When an inclusion is situated in a vertex, it may change the elastic energy contribution from the vertex. For membrane proteins, the simplest model is to locally increase membrane bending rigidity (Frolov and Zimmerberg, 2008; Schweitzer et al., 2015). The most important effect of membrane proteins, that greatly influences the large-scale membrane shape, is to induce a local membrane curvature (Kozlov et al., 2014). This induced curvature can be in-plane rotationally symmetric or asymmetric. As a consequence of Eulers curvature formula, vertex-based inclusions, except π-symmetric inclusions (symmetric upon rotation by 180 degrees in the plane of the membrane, Figure 1D), can only induce symmetric curvature (Peliti and Prost, 1989). It may seem that this is a shortcoming of the model. Nevertheless, highly asymmetric curvature imprints decays quickly in the membrane plane (Dasgupta et al., 2017; Corradi et al., 2018) and does not appear in a macroscopic membrane model. The impact of these inclusions can be modeled by adding a local energy contribution *e*_{υ} = −κ*HC*_{0}*A*_{υ} to the bending energy per vertex, where *C*_{0} is the local curvature imprint of the protein and needs calibration from finer scale simulations. Notice that *C*_{0} can only be identified with ${\overline{C}}_{0}$ in Equation (1) for a fully covered membrane. π-symmetric inclusions can locally bend the membrane differently in different directions (Frolov and Zimmerberg, 2008). Such inclusions can thus be given an orientation in the plane in the direction with maximal directional curvature imprint $({C}_{0}^{\parallel})$ while the perpendicular direction in the plane gives the lowest directional curvature imprint $({C}_{0}^{\perp})$ (Figure 1D). The membrane curvature in these directions can easily be obtained by Eulers curvature formula ${C}^{\parallel}={c}_{1\upsilon}{cos}^{2}(\theta )+{c}_{2\upsilon}{sin}^{2}(\theta )$ and ${C}^{\perp}={c}_{1\upsilon}{sin}^{2}(\theta )+{c}_{2\upsilon}{cos}^{2}(\theta )$ where θ is the angle between the orientation of the inclusion and the direction of the main principal curvature of the membrane. Such inclusion will give rise to an additional local contribution to the total elastic energy in Equation (1), ${e}_{\upsilon}=\left[\frac{{\kappa}_{1}}{2}{\left({C}^{\perp}{-C}_{0}^{\perp}\right)}^{2}+\frac{{\kappa}_{2}}{2}{\left({C}^{\parallel}-{C}_{0}^{\parallel}\right)}^{2}\right]{A}_{\upsilon}$, where κ_{1} and κ_{2} are the directional bending rigidities imposed by the inclusion on the membrane. To complete the modeling, we need to include interactions between the inclusions. Here, we will only focus on the pair interactions but nevertheless the method can be extended to multi-body interactions. The pair-interactions between inclusions can be divided into two types: (i) as a function of distance between the proteins in the 3-dimensional space, e.g., electrostatic and van der Waals forces, (ii) as a function of a distance alongside the geodesic direction between two inclusions in the membrane, e.g., membrane mediated interactions (Haselwandter and Wingreen, 2014; Johannes et al., 2018). The former type of interactions can be modeled simply by a constant interaction energy when two inclusions are in proximity in the 3D space. This is a practical and valid choice, since the resolution of the model is well-below a range to capture the protein specific interactions. The second type of interactions is more challenging since it depends on the local curvature of the membrane. A particular consequence of this is that interactions between two neighboring non-isotropic inclusions can first be calculated after parallel transport between them, where the in-plane orientations of the inclusion is kept fixed along their mutual geodesic curve (Ramakrishnan et al., 2010). The interaction between two inclusions on the neighboring vertices is only a function of angle between their in-plane orientations alongside geodesic direction: $\Delta \Theta ={\Theta}_{i}-{{\Theta}^{\prime}}_{j},\text{}where\text{}{\Theta}_{i}$ is the orientation of inclusion residing on vertex *i*, ${{\Theta}^{\prime}}_{j}\text{}$represents the orientation of inclusion residing on vertex *j* after parallel transport to vertex *i*. This energy function can be written in term of Fourier series as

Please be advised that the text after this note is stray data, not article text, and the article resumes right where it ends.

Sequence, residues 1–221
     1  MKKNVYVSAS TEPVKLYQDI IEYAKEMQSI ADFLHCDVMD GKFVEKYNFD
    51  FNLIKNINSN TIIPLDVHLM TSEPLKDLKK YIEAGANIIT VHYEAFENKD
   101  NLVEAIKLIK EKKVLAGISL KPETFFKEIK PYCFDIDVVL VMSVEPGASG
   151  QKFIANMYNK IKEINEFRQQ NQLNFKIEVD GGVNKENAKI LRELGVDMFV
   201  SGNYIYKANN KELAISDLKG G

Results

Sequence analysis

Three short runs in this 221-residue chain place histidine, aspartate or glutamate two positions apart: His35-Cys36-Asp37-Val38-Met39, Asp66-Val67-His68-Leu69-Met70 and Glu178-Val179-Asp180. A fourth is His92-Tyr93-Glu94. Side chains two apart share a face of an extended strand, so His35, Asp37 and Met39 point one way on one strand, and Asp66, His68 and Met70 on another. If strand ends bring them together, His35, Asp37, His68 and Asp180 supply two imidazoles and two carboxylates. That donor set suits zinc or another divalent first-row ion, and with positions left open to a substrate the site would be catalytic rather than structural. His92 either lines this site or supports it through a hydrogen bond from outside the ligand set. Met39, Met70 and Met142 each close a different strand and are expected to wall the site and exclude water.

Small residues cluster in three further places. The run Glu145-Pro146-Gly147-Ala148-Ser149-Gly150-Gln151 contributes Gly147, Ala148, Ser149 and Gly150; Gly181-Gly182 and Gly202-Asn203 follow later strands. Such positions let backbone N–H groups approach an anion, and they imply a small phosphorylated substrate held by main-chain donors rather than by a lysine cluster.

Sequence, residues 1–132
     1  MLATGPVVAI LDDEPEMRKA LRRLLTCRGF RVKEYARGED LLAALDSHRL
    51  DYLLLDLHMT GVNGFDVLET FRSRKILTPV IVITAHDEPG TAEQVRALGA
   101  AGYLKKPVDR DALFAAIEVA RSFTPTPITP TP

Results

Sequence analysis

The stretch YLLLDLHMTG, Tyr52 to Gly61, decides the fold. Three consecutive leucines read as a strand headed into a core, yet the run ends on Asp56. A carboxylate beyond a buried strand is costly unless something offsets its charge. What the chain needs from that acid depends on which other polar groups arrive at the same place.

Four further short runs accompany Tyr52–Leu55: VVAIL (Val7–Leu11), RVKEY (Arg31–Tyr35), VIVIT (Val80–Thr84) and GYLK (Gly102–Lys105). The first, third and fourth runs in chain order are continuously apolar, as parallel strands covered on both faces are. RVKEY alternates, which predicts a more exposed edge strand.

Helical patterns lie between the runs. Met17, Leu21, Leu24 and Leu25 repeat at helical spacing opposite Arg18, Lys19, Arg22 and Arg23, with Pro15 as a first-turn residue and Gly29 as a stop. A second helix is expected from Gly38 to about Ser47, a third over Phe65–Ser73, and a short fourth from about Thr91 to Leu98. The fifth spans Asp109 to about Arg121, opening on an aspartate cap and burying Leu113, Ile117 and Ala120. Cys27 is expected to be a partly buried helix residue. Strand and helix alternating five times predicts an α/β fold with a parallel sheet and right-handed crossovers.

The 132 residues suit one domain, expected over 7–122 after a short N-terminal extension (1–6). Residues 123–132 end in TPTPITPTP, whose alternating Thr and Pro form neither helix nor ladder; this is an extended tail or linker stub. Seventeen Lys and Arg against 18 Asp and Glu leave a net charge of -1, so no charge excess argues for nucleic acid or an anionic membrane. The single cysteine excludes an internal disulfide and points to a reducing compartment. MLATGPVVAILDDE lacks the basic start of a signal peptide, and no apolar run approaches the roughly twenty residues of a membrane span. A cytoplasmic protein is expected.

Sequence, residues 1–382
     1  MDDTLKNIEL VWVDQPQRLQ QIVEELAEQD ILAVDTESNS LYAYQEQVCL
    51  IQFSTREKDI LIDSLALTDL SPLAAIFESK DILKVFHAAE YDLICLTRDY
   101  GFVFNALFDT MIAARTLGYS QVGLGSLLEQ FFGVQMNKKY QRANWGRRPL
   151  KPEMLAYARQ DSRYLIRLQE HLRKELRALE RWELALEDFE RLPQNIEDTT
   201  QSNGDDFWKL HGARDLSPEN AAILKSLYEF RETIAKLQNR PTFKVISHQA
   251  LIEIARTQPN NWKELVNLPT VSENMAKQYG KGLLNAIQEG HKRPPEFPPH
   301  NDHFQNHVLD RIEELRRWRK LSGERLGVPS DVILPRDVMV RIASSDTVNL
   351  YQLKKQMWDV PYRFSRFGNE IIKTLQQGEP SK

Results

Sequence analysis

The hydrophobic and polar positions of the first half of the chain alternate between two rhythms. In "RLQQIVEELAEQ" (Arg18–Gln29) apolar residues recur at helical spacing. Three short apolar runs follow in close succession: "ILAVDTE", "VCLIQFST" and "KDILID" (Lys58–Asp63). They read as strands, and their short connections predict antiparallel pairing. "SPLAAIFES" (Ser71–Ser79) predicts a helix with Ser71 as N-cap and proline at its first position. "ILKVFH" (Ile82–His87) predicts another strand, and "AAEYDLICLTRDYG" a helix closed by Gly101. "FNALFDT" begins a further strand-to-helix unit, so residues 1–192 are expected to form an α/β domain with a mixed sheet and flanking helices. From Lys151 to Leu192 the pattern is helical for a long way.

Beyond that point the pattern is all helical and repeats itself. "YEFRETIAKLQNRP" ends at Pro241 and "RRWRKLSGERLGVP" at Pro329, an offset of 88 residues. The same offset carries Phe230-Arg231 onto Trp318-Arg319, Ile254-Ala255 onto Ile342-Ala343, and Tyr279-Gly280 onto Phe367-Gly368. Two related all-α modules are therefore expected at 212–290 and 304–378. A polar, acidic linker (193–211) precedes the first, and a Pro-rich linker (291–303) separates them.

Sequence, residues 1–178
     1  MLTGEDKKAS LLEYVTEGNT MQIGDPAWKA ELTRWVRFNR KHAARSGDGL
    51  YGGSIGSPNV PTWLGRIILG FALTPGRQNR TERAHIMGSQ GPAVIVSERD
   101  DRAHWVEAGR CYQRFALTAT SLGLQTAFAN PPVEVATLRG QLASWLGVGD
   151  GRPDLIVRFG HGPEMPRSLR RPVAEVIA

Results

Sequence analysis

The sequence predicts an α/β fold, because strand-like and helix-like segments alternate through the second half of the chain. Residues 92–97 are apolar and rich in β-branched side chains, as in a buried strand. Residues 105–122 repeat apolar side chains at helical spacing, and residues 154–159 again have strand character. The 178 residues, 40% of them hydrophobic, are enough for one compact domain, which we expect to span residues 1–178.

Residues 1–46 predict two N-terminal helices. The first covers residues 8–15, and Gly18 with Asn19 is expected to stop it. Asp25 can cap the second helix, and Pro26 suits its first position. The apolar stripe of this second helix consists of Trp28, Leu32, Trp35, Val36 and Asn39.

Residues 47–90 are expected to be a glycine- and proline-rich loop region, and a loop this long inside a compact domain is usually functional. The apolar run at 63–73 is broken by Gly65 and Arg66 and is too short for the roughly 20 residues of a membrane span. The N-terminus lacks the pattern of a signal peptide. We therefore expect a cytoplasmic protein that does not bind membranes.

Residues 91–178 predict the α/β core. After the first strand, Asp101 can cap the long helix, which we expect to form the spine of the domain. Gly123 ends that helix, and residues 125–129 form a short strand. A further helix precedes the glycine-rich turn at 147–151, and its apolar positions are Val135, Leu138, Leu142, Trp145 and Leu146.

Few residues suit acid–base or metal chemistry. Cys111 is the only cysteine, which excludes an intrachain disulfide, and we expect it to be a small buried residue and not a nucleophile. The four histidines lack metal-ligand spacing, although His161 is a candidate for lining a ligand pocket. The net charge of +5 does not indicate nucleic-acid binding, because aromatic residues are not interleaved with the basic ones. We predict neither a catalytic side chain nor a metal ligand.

The first term (−ε_{0}) models the isotropic part of the interaction between two inclusions while the second term is to model anisotropic interactions e.g., caused by steric factors and the distribution of the peptide groups in a protein (Domanski et al., 2017). *M* is a constant integer and its value depends on the chosen degree of coarse graining. Larger *M* allows to include more structural details of the protein shape in the interactions with other proteins. Ξ_{k} are the phase shift and _{μ0ak}/*M* are amplitude of the Fourier modes and both need fitting from finer simulation techniques. By setting $\sum _{k=1}^{M}{a}_{k}=M$, μ_{0} can be defined as the lowest energy level of the anisotropic part of the interaction. *Q*_{ij} is the least common multiple of the degree of the *i,j* proteins symmetry in the plane of the membrane (*N*). Note that the interaction energy in Equation (5) can also be used to model lipid domain formations in multicomponent membranes (Ramakrishnan et al., 2010; Hansen et al., 2017).